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But time, cultural differences and political issues are working against their mission. Caodaists believe the world is sliding toward hell, but their faith is facing its own brand of chaos: The church's hierarchy has been dismantled by communist Vietnam; its scriptures and doctrines have few reliable English translations; and America, with its vast number of worldly distractions, is not a fertile ground to grow a religion among second- and third-generation immigrants. Already, the handful of faithful in Dallas have split between two competing temples. In America, doomsday may be coming for Cao Dai sooner than its followers think.
Founded in 1997, the Mountain View temple is a hodgepodge that includes an old workshop converted into a temple next to a small house. Between the house and the temple is a new addition: a concrete slab topped with a corrugated metal roof sheltering a stage where the followers hold celebrations and festivals.
The interior of the temple is divided into two elongated cells: the left side representing the divine mother, the right the divine father. Women and men generally worship separately, but on those occasions when they do worship together (usually on the side of the divine father), the separation is maintained with women on the left and men on the right.
The tiny assembly hall is drenched in reds and yellows. Banners flaunting dragons are stretched across the width. As in virtually every Cao Dai temple, Mountain View displays a colorful painting of the three most prominent Cao Dai saints--Victor Hugo, Chinese revolutionary Sun Yat Sen and Vietnamese poet-prophet Nguyen Binh Khiem--signing a Ten-Commandments-like tablet representing the third alliance between God and man. Followers believe this third alliance ushered Cao Dai into the world. These saints also are believed to give guidance and assistance to Caodaists in their quest to spread Cao Dai doctrine across the globe.
At the front of the temple is what is known as God's altar. Its focal point is the divine or "all-seeing" eye, an icon bearing a striking resemblance to the eye found on the back of a U.S. dollar bill (only with a decidedly Asian slant). This eye is the symbol of the religion. Various props surround the divine eye: flowers and bowls of fruit, which symbolize human reproductive cells; a pair of candles representing the yin and yang; and a row of five tiny cups. Three hold wine (representing vital energy) flanked by one holding tea (symbolizing the spirit tarnished with secular emotions), and the other holds water (pure spirit from God).
Between the candles is a vase containing five sticks of incense representing purification, meditation, wisdom, universal knowledge and karmic liberation. Spent incense sticks are plunged into vases everywhere--like great knots of arrows in a target--and smoldered scents constantly hang in the temple proper like cigarette smoke in a tavern.
Dressed in white tunics, the faithful stream into the temple. They assemble in front of the altar and salute one another with a single bow. Then they face the altar and bow three times showing respect to Cao Dai, Earth and humanity.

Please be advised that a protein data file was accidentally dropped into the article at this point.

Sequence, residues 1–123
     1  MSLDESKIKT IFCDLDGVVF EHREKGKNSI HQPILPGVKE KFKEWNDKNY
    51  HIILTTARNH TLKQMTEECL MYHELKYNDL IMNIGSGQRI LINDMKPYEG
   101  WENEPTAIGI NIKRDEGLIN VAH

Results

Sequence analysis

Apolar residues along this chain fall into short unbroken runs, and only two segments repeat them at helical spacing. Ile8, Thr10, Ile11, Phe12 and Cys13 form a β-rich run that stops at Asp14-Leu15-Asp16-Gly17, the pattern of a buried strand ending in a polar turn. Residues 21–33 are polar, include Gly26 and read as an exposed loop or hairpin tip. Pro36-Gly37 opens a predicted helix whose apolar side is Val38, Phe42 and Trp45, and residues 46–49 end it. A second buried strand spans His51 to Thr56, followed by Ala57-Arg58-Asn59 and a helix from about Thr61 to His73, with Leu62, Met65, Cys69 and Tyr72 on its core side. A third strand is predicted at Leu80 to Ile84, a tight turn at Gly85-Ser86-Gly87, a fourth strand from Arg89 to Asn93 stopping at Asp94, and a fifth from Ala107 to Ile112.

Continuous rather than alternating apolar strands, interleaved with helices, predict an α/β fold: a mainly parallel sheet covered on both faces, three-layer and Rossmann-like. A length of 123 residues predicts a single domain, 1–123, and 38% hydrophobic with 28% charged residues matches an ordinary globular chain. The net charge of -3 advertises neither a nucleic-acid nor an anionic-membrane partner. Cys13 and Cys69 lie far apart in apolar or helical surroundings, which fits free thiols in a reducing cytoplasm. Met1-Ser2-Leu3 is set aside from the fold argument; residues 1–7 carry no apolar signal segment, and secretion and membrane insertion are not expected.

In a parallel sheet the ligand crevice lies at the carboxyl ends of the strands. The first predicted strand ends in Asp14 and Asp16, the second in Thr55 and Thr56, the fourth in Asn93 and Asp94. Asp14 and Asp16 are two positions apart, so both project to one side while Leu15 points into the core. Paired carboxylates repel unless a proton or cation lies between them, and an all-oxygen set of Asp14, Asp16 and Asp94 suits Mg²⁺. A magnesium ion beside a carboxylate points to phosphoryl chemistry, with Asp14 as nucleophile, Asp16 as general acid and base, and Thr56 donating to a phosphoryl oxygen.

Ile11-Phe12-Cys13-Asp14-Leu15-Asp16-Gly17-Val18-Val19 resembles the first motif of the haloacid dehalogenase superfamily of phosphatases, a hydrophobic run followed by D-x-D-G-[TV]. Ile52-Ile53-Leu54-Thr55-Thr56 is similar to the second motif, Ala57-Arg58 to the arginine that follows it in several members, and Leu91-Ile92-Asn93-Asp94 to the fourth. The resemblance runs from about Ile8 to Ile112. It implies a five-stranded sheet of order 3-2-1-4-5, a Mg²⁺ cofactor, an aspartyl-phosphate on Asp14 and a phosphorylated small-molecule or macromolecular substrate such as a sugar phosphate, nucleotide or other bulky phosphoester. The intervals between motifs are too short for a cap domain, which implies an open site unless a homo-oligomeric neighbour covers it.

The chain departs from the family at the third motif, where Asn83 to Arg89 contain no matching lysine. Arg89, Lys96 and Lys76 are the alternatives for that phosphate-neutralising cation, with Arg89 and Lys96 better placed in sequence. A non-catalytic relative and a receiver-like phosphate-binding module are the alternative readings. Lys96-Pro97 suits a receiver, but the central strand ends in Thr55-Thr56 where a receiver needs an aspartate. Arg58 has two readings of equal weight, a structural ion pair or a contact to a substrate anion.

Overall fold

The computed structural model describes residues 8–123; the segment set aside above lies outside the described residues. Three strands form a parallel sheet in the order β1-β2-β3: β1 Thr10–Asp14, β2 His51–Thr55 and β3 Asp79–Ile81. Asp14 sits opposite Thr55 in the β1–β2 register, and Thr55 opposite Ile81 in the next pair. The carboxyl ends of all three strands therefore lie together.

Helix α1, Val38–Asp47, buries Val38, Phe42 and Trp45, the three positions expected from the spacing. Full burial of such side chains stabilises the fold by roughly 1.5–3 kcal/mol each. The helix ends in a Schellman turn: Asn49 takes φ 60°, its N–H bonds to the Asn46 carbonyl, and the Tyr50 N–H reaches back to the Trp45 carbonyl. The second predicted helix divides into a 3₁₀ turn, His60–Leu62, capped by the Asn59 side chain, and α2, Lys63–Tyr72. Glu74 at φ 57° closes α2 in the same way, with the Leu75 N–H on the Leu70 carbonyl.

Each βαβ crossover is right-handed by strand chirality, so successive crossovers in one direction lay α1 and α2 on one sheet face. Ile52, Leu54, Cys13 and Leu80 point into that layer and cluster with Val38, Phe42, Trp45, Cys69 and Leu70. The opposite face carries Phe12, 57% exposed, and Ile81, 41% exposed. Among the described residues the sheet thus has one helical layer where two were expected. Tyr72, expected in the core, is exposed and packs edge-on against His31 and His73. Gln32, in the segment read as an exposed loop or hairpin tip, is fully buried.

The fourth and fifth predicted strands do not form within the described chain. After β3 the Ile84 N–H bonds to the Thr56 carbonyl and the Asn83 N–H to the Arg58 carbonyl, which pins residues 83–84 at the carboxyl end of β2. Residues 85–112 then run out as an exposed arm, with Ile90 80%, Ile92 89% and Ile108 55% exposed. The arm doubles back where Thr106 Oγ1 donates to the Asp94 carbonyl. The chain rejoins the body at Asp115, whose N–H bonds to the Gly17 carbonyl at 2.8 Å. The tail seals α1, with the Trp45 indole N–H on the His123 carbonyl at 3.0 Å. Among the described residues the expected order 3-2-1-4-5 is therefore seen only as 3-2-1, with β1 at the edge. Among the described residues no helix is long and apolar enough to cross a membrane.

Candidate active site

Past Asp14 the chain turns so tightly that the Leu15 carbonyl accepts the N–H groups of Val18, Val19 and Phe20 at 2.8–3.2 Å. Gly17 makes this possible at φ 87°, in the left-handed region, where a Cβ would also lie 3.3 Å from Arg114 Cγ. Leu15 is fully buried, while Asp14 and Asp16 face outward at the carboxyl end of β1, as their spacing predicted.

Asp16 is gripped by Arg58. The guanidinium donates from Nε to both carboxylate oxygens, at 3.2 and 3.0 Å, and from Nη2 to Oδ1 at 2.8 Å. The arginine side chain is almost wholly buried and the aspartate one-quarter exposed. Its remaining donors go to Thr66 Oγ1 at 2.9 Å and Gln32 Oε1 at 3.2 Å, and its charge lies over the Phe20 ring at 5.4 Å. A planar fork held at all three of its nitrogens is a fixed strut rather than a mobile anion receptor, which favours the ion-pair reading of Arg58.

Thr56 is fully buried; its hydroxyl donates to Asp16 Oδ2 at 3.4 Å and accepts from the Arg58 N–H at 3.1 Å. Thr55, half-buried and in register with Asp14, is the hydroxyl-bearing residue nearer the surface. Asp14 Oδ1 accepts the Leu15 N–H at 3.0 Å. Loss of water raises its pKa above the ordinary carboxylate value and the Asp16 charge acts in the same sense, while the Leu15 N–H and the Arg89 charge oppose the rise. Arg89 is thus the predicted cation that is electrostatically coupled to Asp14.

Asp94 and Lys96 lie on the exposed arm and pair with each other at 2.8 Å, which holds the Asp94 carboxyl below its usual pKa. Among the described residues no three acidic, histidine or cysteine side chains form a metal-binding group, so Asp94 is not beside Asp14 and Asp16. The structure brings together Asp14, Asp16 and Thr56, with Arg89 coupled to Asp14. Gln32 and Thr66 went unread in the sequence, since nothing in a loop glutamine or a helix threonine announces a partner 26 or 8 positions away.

Throughout the service--all in Vietnamese--adherents spend most of their time prostrate on the floor, crouched on tiny pillows, chanting prayers to the clang of a Buddhist bell and the staccato pulses of wooden nhip sanh sticks. Their prayers sing the praises of the Supreme Being and the great religions of the world.
There is no sermon. Instead, the priest or priestess occupies a prominent position near the altar, leading the followers in prayers and chants. At the conclusion of the chanting, a high-ranking member sometimes faces the faithful and reads selections from Cao Dai scripture. The entire service generally lasts no more than 30 minutes.
And adherents enthusiastically welcome visitors, whom they subject to the same vigilant inquisition a serious creed shopper might direct toward them. "Do you believe in God?" "What is your religion?" "What do you think of Cao Dai?" "Do you like Cao Dai?" "Are you coming back?" And so on. Adherents openly wonder if a new visitor might be a flesh-and-blood fulfillment of the 1945 Cao Dai prophecy foretelling the religion would be cultivated globally by Americans.
But it doesn't appear these gentle missionary efforts are translating into much traction. Cao Dai is still almost exclusively a religion of Vietnamese and Vietnamese-Americans born in Vietnam. Outside of spouses of Cao Dai practitioners and a few American Vietnam vets, instances of conversion of non-Vietnamese appear to be rare.
But they do exist. Ngasha Beck, an American of Eastern European descent, believes Cao Dai is poised to prosper in America. "[Cao Dai] offers almost anything that younger people are looking for when they're looking for a faith," says Beck, 43, who lives in Shreveport with her Cambodian husband and occasionally treks to Dallas for Cao Dai and Cambodian Buddhist religious events. "They're not...looking for a faith that is there to disparage other faiths, but want to work in community with other faiths. I think interfaith is the up-and-coming thing, the wave of the future."
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